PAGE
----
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Topic: timimg 2 almost simultaneously pressed buttons (Read 1 time) previous topic - next topic

tomansbro

I am building a drag race game.  There are 2 sets of light, one for each lane.  When the green light comes on both players press a button as quickly as possible.  I want to measure the time between the Green light turning on until each button is pressed ( reaction time).
Sounds simple, I can get one players time no problem, but i miss the second players button push a lot. I tried using interrupts, but the timing got messed up...any ideas? thanks

johnwasser

I would use interrupts and record the micros() time on the first interrupt:
Code: [Select]

TimeA = 0;
TimeB = 0;
// run down the lights
StartTime = micros();
while (TimeA == 0 && TimeB == 0) ;  // waiting for both buttons
if (TimeA < StartTime). // disqualified. Jumped the lights
Same for B
Compare A to B to see which won

ISR_A() {
    if (TimeA == 0) // protect against button bounce
        TimeA = micros();
}
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Grumpy_Mike

Quote
but i miss the second players button push a lot.

Is that because you are using the push button levels and not the change in levels?

Who knows without looking at your code? Which you have not posted.

Paul__B

And I on the other hand would not use interrupts, because microsecond accuracy is clearly not required.

The problem is (of course) dead easy.  At the start point (when you change the lights), you save the reading of the millis() count, then in your loop, you look at each switch alternately.  If one switch is pressed, you record the millis() count for that switch and set a "flag" (variable) to note that the switch was indeed pressed so that on successive traversals of the loop, you do not examine that switch again.  When at the end of that loop function, you find that both switches have been pressed, you progress to the display function.

The salient points in this are that you understand the concept of a main code loop.  You cannot use "busy waiting" or "while" (or "delay()") functions.  The loop repeats indefinitely performing one task after another, never stopping.  Tasks are controlled by "state switches" (variables) which tell them whether to perform an action or fall through to the following task - in other words, each is controlled by an "if" switch.  Tasks here include the event starting task, the switch reading task and the display task; you can even control them with one task switch variable; zero to set up the start, one to read the switches and two to display the result, using a "case" statement.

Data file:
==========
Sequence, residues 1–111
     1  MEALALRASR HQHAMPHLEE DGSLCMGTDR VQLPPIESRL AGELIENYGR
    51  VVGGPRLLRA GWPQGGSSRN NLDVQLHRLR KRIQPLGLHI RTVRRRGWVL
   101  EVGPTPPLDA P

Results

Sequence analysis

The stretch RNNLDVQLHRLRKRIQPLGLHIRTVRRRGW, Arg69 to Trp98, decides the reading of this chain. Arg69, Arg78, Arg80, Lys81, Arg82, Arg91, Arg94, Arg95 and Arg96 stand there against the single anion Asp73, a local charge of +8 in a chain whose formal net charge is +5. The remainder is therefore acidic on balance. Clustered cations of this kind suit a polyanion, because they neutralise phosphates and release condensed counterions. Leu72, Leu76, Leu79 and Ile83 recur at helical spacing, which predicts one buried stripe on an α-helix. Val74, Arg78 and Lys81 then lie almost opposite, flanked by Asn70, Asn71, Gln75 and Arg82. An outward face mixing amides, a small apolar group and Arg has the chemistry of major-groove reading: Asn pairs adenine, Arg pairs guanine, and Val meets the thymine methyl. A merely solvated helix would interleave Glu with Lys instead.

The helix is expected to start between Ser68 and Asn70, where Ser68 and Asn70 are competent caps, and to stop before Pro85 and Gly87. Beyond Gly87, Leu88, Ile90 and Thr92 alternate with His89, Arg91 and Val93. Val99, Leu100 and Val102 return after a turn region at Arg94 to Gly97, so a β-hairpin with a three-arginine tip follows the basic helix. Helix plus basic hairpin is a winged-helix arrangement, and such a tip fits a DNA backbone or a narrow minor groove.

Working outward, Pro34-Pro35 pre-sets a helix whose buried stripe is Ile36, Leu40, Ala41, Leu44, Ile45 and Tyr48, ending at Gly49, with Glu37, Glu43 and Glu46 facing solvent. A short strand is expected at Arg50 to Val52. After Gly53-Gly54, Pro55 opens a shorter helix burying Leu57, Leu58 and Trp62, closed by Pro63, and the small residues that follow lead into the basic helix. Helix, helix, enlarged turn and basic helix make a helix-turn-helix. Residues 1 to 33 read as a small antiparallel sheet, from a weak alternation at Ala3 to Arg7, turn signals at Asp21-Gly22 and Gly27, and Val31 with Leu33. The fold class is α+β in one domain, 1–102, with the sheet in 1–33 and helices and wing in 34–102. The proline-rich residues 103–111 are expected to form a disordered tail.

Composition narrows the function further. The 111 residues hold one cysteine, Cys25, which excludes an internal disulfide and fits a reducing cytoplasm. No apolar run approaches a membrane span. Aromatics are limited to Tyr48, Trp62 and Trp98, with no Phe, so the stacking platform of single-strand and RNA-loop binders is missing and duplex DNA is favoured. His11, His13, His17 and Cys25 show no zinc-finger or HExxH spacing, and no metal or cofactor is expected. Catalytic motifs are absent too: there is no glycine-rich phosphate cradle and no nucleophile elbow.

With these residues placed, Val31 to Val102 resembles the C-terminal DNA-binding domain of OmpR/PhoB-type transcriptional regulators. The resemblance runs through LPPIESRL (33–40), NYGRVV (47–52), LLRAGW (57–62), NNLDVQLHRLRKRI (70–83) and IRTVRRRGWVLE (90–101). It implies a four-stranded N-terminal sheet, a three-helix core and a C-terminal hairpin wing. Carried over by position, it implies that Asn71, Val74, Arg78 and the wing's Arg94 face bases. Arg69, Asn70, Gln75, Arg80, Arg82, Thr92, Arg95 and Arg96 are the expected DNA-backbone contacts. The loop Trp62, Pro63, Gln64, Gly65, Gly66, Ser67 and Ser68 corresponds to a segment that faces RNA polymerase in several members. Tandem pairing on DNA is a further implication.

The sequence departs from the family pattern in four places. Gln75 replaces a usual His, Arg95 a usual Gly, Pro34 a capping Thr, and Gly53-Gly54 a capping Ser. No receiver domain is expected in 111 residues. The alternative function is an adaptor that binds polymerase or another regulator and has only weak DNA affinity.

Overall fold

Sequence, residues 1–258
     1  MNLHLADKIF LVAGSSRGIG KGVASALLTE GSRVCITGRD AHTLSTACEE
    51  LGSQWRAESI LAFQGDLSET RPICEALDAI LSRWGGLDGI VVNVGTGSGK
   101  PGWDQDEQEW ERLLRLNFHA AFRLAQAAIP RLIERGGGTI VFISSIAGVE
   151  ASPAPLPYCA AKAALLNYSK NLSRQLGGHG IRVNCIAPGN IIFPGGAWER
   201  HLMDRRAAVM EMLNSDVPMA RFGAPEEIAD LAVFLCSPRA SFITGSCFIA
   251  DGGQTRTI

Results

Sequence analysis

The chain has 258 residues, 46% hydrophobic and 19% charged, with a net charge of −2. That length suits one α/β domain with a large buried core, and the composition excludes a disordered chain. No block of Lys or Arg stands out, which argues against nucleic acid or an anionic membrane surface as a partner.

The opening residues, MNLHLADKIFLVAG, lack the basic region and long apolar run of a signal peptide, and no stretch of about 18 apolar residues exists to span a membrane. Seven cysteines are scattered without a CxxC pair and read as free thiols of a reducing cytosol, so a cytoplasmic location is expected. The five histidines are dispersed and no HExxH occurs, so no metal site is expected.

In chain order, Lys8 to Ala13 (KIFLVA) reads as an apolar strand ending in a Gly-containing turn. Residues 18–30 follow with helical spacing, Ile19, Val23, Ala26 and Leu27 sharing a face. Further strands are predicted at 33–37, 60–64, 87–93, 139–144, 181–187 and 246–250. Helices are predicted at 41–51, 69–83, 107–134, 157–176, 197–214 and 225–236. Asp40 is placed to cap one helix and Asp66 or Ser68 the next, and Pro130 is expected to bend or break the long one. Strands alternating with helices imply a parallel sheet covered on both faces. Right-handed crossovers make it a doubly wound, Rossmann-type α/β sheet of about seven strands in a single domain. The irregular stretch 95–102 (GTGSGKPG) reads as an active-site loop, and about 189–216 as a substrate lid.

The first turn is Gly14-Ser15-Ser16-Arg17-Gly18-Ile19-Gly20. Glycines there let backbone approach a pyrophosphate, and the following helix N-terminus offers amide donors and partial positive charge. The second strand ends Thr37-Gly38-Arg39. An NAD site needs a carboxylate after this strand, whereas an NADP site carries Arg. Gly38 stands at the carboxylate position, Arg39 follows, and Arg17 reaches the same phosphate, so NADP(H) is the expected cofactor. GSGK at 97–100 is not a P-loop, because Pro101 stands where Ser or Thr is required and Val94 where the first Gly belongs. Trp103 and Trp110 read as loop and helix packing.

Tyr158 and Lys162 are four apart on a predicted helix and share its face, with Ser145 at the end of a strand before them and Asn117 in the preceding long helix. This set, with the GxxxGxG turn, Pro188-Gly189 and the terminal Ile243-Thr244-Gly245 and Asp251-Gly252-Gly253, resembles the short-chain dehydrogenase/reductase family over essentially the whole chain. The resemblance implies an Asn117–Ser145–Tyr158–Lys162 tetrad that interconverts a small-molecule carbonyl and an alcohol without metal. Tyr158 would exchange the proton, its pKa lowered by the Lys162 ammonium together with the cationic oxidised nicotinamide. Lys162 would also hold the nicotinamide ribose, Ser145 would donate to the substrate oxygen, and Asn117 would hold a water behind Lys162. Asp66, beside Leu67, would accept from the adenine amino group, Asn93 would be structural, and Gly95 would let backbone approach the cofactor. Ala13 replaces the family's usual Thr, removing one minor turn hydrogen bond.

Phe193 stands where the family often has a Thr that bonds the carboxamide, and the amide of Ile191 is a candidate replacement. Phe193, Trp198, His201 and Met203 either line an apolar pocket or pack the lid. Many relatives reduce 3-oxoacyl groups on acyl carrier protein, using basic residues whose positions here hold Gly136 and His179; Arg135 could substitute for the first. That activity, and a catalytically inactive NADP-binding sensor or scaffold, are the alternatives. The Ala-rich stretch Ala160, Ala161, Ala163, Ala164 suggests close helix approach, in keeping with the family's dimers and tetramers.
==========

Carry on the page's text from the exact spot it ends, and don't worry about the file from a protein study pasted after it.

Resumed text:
In this particular instance, you do not need to "debounce" the pushbuttons except in the "start" task.  It should be obvious, but the start cannot occur until both buttons have been released without exception for an interval of some seconds.  After the start however, the contact has only to be made for a moment to be registered.

I am somewhat curious as to why you particularly mention " 2 sets of light, one for each lane"?

dc42

I would do as Paul says, but use micros() instead of millis() just in case both buttons are pressed within 1ms of each other.
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lar3ry

Quote
I am somewhat curious as to why you particularly mention " 2 sets of light, one for each lane"?


Well, seeing that it's a drag racing game, he is probably making a "Christmas Tree", which is the tower with a number of lights, indicating pre-stage, stage, warning ambers, green, and red.  Have a look at http://www.youtube.com/watch?v=-s5lz3gaHEw to see what it looks like. Search youtube for "drag racing 101" and see the one subtitled "The tree and staging" for the meanings of the different lights.

tomansbro

Thank you All for your quick replies..  Yes the answer was Dead Simple......as soon as removed the Serial.print statement from the ISR!!!
  Thanks again for your input and I will try to rewrite the code using mills() and see how that works out!

Paul__B


Well, seeing that it's a drag racing game, he is probably making a "Christmas Tree", which is the tower with a number of lights, indicating pre-stage, stage, warning ambers, green, and red.


No doubt, but he specified two sets of lights.  I was curious as to whether this meant some variation on the theme.

lar3ry



Well, seeing that it's a drag racing game, he is probably making a "Christmas Tree", which is the tower with a number of lights, indicating pre-stage, stage, warning ambers, green, and red.

No doubt, but he specified two sets of lights.  I was curious as to whether this meant some variation on the theme.

Well yes, but they ARE two sets of lights: one for each lane. They operate independently until both cars have fully staged, at which time they operate simultaneously for the amber and green, then back to independently for the red, if needed.

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